Other Projects

There are a couple of projects that don't fit in elsewhere.

The Scroll Saw

Scroll Saw

This is a 26" scroll saw. It's deep enough to handle a wide variety of woodcutting tasks. It has an adjustment for four different stroke lengths. The only problem is that making the adjustment is a little cumbersome, so I set it for one of the middle lengths and left it alone.

An Ingot Mold

An ingot mold for making ingots

This is a mold to pour excess material into. It has enough volume to take a crucible full of aluminum. The bottoms of the molds are 10 gage black iron that are 2-1/2" on a side. Four of these ingots will fit into the crucible at one time. I usually use muffin tins, but the 'muffins' that you end up with don't fit too well in the crucible.

A Small Tool Holder

Stand for holding small tools

The casting in this picture is a step pulley that didn't work. The sand at the small end was too wet and there was no way to save it. So I put it in the lathe and turned it down to make the outside look better, and bored the inside. I then drilled holes around the edges to put small tools like taps, a center punch, countersinks, etc. That way they're easier to find when I need them.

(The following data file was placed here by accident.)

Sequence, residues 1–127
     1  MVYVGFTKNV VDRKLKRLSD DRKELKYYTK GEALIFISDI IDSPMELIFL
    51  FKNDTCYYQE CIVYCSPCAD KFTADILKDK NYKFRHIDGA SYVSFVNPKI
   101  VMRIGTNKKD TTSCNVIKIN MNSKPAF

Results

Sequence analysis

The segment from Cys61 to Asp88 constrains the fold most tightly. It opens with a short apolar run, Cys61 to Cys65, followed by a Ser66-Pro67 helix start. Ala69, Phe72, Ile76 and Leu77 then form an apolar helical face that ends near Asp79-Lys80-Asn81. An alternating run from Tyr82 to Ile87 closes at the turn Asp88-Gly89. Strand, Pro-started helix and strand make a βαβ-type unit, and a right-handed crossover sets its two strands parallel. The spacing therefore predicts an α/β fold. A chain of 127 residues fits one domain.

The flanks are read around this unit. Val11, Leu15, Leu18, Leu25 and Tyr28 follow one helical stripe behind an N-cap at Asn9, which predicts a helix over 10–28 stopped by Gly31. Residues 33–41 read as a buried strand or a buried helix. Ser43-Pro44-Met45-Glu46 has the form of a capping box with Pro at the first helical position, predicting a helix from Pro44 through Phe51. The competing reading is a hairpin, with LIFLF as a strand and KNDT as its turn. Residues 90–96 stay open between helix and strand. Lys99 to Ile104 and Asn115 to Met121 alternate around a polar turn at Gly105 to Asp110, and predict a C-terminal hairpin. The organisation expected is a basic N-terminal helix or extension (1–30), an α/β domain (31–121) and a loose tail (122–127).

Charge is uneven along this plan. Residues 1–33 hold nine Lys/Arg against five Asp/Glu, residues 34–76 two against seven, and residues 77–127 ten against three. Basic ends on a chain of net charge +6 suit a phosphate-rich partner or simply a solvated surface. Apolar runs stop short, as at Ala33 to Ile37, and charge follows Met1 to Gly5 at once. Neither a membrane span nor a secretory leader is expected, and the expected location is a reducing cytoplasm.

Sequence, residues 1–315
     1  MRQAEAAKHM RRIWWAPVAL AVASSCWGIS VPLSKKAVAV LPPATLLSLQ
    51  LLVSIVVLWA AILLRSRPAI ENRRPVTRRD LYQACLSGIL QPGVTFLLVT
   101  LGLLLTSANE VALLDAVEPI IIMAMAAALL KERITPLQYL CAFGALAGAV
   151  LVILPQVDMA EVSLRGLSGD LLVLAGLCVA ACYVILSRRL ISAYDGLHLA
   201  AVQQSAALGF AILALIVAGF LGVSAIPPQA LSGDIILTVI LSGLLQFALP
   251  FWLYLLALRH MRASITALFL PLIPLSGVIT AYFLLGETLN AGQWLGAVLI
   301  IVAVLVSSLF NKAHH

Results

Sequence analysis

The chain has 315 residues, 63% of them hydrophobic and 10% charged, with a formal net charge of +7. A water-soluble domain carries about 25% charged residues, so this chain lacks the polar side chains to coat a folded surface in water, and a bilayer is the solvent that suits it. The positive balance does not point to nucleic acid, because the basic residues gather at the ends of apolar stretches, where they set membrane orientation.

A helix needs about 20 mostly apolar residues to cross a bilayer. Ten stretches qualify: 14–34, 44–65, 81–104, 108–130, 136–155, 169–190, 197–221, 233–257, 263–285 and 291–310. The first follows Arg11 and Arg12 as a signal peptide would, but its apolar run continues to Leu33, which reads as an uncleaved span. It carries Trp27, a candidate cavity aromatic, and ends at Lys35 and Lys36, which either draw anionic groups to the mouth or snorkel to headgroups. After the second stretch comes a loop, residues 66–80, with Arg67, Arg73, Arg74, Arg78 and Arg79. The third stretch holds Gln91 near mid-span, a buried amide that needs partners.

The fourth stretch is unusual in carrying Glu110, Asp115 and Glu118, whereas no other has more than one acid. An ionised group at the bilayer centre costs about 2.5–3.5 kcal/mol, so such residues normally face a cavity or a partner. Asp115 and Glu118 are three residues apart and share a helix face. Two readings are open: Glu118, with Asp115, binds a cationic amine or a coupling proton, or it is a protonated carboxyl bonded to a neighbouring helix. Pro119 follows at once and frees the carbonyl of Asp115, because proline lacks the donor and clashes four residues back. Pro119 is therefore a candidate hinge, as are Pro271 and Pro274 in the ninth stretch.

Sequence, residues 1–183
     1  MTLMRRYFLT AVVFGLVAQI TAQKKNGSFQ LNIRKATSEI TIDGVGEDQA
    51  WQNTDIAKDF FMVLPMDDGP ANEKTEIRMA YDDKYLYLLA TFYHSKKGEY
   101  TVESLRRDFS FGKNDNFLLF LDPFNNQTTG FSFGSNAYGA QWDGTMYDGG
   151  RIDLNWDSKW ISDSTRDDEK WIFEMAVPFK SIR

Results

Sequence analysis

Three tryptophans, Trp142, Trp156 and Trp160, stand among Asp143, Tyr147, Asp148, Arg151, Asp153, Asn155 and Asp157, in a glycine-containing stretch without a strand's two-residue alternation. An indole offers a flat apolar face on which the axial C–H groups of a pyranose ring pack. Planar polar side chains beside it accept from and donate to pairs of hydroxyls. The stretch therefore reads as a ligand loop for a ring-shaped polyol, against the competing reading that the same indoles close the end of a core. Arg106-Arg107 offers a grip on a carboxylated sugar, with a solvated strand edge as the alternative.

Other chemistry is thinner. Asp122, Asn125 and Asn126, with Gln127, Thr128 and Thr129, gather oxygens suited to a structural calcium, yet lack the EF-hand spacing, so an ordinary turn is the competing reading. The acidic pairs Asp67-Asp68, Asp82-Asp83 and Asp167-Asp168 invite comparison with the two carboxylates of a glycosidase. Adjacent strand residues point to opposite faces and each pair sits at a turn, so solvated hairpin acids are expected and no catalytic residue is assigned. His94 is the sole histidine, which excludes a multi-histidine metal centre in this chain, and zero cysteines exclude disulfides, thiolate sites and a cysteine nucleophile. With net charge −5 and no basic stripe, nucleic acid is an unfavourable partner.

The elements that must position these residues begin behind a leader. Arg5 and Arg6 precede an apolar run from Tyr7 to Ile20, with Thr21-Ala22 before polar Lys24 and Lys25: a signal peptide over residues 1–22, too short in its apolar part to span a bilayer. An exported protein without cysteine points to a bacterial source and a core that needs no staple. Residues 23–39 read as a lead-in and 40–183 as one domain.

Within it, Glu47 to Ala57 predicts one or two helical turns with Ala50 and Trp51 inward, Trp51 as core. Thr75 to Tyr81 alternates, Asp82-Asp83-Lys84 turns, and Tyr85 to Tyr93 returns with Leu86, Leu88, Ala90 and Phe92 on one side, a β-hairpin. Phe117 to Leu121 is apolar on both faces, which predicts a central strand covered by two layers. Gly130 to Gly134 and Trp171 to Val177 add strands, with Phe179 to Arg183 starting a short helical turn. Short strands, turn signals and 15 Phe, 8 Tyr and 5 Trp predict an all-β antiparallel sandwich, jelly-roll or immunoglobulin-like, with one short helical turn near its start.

A Rammer


Here's something that shows what's nice about having a workshop at your disposal. One day I decided to make a rammer. I took a piece of an oak 4x4, from a pallet at work, and put it in the lathe. Then I turned it until it was round, which established the large diameter. Then I turned down the small end, and then the handle. I used a large gouge to form the radii where the handle meets the ends, and smoothed it all with a piece of emery cloth. Then I used my belt sander to form the flats on the small end. A coat of clear sealer and it was finished.

A Step Pulley

A step pulley

When I was building my lathe, I had trouble finding step pulleys. I finally turned the first one down using only the carriage on the lathe and a set of temporary centers. I mounted the pulley casting on a shaft, put it in the centers, and put a regular pulley on one end. I attached a motor to the shaft and turned it down (everything was bolted to a workbench, or course). It took a long time to finish, but I was unemployed at the time so it didn't matter. Since I have a full lathe (minus change gears) now, I turn all my step pulleys instead of buying them.

Updated June 16, 2002

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